How nanoparticles flow through the environment
Carbon nanotubes remain attached to materials for years while titanium dioxide and nanozinc are rapidly washed out of cosmetics and accumulate in the ground.
Researchers from the National Research Programme 'Opportunities and Risks of Nanomaterials' (NRP 64) have developed a new model to track the flow of the most important nanomaterials in the environment.
How many man-made nanoparticles make their way into the air, earth or water? In order to assess these amounts, a group of researchers led by Bernd Nowack from Empa in St. Gallen has developed a computer model as part of the National Research Programme 'Opportunities and Risks of Nanomaterials' (NRP 64).(*) "Our estimates offer the best available data at present about the environmental accumulation of nanosilver, nanozinc, nano-tinanium dioxide and carbon nanotubes", says Nowack.
Cosmetics and tennis racquets
In contrast to the static calculations hitherto in use, their new, dynamic model does not just take into account the significant growth in the production and use of nanomaterials, but also makes provision for the fact that different nanomaterials are used in different applications. For example, nanozinc and nano-titanium dioxide are found primarily in cosmetics. Roughly half of these nanoparticles find their way into our waste water within the space of a year, and from there they enter into sewage sludge. Carbon nanotubes, however, are integrated into composite materials and are bound in products such as which are immobilized and are thus found for example in tennis racquets and bicycle frames. It can take over ten years before they are released, when these products end up in waste incineration or are recycled.
39,000 metric tons of nanoparticles
The researchers involved in this study come from Empa, ETH and the University of Zurich. They use an estimated annual production of nano-titanium dioxide across Europe of 39,000 metric tons – considerably more than the total for all other nanomaterials. Their model calculates how much of this enters the atmosphere, surface waters, sediments and the earth, and accumulates there. In the EU, the use of sewage sludge as fertiliser (a practice forbidden in Switzerland) means that nano-titanium dioxide today reaches an average concentration of 61 micrograms per kilo in the affected ground.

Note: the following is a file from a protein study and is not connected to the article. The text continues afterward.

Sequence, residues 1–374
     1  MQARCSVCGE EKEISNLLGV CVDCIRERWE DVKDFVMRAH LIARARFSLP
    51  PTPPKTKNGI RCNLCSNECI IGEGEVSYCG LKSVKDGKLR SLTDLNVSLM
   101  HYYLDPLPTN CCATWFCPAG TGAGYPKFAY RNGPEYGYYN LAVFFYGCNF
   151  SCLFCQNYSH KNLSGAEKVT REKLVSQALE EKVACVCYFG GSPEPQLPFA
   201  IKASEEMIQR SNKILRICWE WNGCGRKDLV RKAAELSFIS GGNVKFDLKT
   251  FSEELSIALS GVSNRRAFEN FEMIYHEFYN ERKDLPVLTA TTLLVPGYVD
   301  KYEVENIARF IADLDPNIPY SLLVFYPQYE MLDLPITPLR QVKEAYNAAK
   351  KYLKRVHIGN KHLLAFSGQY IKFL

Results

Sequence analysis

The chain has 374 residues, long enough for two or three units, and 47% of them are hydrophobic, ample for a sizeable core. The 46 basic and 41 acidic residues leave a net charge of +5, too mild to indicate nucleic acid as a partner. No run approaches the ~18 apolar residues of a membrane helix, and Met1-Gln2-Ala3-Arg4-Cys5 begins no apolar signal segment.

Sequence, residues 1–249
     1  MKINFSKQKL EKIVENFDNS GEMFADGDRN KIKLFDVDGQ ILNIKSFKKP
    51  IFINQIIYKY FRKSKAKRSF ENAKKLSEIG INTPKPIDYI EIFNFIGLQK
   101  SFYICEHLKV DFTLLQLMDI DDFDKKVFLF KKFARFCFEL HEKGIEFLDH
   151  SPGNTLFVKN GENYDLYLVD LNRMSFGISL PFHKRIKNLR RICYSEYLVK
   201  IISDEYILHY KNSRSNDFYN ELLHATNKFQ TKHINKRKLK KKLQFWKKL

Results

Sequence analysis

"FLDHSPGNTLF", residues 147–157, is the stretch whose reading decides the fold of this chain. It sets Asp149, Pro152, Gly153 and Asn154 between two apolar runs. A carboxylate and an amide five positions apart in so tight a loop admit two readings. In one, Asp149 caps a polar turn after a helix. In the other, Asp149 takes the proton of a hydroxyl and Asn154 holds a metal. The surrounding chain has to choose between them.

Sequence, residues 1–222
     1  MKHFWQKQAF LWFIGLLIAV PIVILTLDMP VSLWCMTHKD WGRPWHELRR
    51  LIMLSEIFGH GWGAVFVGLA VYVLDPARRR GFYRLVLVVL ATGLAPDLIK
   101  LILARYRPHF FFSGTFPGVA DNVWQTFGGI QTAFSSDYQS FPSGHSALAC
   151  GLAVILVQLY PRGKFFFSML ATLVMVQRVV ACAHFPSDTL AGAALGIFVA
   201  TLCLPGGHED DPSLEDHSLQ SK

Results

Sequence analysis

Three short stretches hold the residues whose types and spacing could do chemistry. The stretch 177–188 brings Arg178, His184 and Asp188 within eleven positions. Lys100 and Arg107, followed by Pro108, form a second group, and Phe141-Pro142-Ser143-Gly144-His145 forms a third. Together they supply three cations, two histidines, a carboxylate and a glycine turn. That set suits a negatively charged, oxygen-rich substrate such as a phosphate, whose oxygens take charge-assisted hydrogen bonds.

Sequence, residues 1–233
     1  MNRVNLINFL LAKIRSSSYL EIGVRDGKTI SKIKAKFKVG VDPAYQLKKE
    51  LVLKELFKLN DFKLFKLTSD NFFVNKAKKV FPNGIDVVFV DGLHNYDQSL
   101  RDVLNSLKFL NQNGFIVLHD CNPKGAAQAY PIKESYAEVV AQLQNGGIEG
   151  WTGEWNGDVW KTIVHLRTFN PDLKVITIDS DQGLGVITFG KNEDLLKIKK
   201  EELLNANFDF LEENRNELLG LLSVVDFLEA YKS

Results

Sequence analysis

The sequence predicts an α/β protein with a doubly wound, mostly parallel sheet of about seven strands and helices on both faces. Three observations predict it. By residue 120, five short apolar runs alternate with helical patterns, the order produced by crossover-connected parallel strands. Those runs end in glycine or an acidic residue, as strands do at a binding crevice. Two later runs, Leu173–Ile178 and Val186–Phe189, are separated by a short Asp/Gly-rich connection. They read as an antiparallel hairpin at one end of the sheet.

Knowing the degree of accumulation in the environment is only the first step in the risk assessment of nanomaterials, however. Now this data has to be compared with ecotoxicological test results and the statutory thresholds, says Nowack. A risk assessment has not been carried out with his new model until now. Earlier work with data from a static model showed, however, that the concentrations determined for all four nanomaterials investigated is not expected to have any impact on the environment.(**)
But in the case of nanozinc at least, its concentration in the environment is approaching the critical level. This is why this particular nanomaterial has to be given priority in future ecotoxicological studies – even though nanozinc is produced in smaller quantities than nano-titanium dioxide. Furthermore, ecotoxicological tests have until now been carried out primarily with freshwater organisms. The researchers conclude that complementary investigations using soil-dwelling organisms is a priority.
(*) T. Y. Sun et al.: Dynamic probabilistic Modelling of Environmental Emissions of Engineered Nanomaterials. Environmental Science & Technology (2016); doi: 10.1021/acs.est.5b05828
(**) C. Coll et al.: Probabilistic environmental risk assessment of five nanomaterials (nano-TiO2, nano-Ag, nano-ZnO, CNT, and fullerenes). Nanotoxicology (2016); doi: 10.3109/17435390.2015.1073812